Happy New Year, here is a refresher on VJC advice to protect your personal identity and avoid online/direct scams.

With so much reliance on the web it is inevitable that we are seeing a growing number of attempts to defraud people.

These range from fake emails, texts and even phone calls from agencies like the ATO, Centrelink, other government departments, banks, utilities companies etc.

  • These attacks are designed to look and feel like they are from the actual organisation.
  • Like most things these attempts vary in quality in terms of appearance and details e.g. pixelated logo’s and the email address of the sender.
  • Never provide your personal details to anyone online or verbally, the above institutions will not call and ask you for these and you should be wary if they do.
  • Delete these types of email and ignore calls and texts.


Tips to help protect you:

  • Strong passwords are a must, best not to use the same password in many places and changing the same password by 1-2 characters is not ideal.
  • Protect your banking access and all passwords, try not to email or text sensitive information like your tax file number or BSB and bank account number.
  • Perhaps consider a password manager so you only need 1 super strong password.
  • Use 2 factor authentication, this is an online option for many banks and government etc.
  • Its best to never use public Wi-Fi and never do your banking or other password sensitive things like logging into your email or other things.
  • Be cautious when allowing access to your computer remotely, it is unavoidable these days e.g. Apple Support is reputable and often logs in remotely for their screen sharing support.
  • Be cautious not to lose your personal information:
  1. Beware what information you disclose on your websites and social media e.g. full names, birthdate or address etc.
  2. Mail missing from your letterbox, it is better to opt for online statements.
  3. Phone not working, porting is an example of how a scammer will take and transfer your phone number then try to access your banking etc. by accessing your SMS notifications.

If you think you have been breached contact the institution/s to immediately shut things down.

Some useful information to refresh your Cyber protection memory:

What is phishing?

Phishing is a technique used by cybercriminals to obtain sensitive information such as passwords, internet banking logins and credit card details by sending an email or message pretending to be from a trustworthy source such as a bank, utility provider, or government agency. This contact may also take place in the form of a phone call or SMS.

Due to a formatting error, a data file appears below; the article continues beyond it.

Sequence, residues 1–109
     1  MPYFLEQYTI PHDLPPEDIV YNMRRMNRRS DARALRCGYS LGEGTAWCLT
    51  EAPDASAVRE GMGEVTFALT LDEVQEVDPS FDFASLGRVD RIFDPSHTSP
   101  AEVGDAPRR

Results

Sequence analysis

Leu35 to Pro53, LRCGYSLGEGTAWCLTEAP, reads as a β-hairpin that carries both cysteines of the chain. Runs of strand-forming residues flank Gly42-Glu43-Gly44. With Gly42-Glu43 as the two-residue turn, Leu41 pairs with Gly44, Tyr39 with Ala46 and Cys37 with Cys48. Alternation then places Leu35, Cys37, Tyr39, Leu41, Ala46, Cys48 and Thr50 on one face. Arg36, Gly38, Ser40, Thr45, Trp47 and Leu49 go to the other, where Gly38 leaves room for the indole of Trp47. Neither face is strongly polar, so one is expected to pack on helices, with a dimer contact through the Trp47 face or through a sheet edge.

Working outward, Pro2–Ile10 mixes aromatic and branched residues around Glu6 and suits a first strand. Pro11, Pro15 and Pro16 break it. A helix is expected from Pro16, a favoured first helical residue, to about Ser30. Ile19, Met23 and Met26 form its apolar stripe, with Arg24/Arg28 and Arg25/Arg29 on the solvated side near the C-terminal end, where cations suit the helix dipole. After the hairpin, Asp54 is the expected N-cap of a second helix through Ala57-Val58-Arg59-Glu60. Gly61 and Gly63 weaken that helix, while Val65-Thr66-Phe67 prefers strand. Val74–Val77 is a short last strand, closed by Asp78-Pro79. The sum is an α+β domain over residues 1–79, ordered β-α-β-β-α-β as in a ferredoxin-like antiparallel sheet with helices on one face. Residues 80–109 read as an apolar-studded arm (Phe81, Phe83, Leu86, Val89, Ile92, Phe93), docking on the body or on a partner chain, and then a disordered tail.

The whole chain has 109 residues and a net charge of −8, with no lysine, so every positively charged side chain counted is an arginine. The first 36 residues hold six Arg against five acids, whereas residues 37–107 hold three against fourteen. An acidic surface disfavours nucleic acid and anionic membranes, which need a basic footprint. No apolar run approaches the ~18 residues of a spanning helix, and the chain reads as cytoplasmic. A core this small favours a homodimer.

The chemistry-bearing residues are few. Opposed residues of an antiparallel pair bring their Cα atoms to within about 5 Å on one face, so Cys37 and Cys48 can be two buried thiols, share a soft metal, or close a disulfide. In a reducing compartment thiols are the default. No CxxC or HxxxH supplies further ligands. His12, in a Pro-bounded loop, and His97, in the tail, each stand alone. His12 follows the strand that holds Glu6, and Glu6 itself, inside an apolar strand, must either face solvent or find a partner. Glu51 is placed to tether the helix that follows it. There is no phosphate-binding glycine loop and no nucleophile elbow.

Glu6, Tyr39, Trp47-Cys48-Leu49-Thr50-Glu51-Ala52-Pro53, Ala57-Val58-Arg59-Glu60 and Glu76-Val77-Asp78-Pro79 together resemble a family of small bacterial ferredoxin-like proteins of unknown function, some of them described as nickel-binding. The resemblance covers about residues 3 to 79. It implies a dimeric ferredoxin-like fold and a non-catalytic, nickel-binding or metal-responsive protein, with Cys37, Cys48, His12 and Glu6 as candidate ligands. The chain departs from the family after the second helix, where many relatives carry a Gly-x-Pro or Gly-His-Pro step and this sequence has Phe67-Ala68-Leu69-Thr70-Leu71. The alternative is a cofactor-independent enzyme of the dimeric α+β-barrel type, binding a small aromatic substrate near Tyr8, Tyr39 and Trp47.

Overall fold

Cybercriminals send out millions of these fraudulent communications to random email addresses and phone numbers in the hope of luring unsuspecting people into providing their personal banking details.

Examples of how scams typically happen

  1. Remote access – A cybercriminal may call you and claim to be from a utility company, such as your internet provider, and ask you to download a remote desktop application that provides access to your computer for the purpose of internet maintenance or removing a virus. They may then direct you to log into your online banking where they will then facilitate payments to a third party without you knowing.
  2. Email compromise – A cybercriminal posing as a known supplier may contact you with changed account details. In situations such as this, it’s a good idea to give them a call to verify the details over the phone before making a payment to a new account.
  3. Investment – A cold call from someone claiming to be a stockbroker or portfolio manager could in fact be a cybercriminal. They may provide a convincing investment strategy and ask via phone or email for multiple payments.
  4. Romance –  A cybercriminal may contact you via social media and after spending time building a rapport, they may claim they need funds and ask you to make a payment into their account.

General Advice warning: the information in this article is general in nature, it is not advice specific to your needs. If you want to act upon the information in this article then you should seek advice from a qualified professional. VJC WM accepts no liability to any party for acting from this information unless they have sought advice in a formal engagement with VJC WM for this purpose.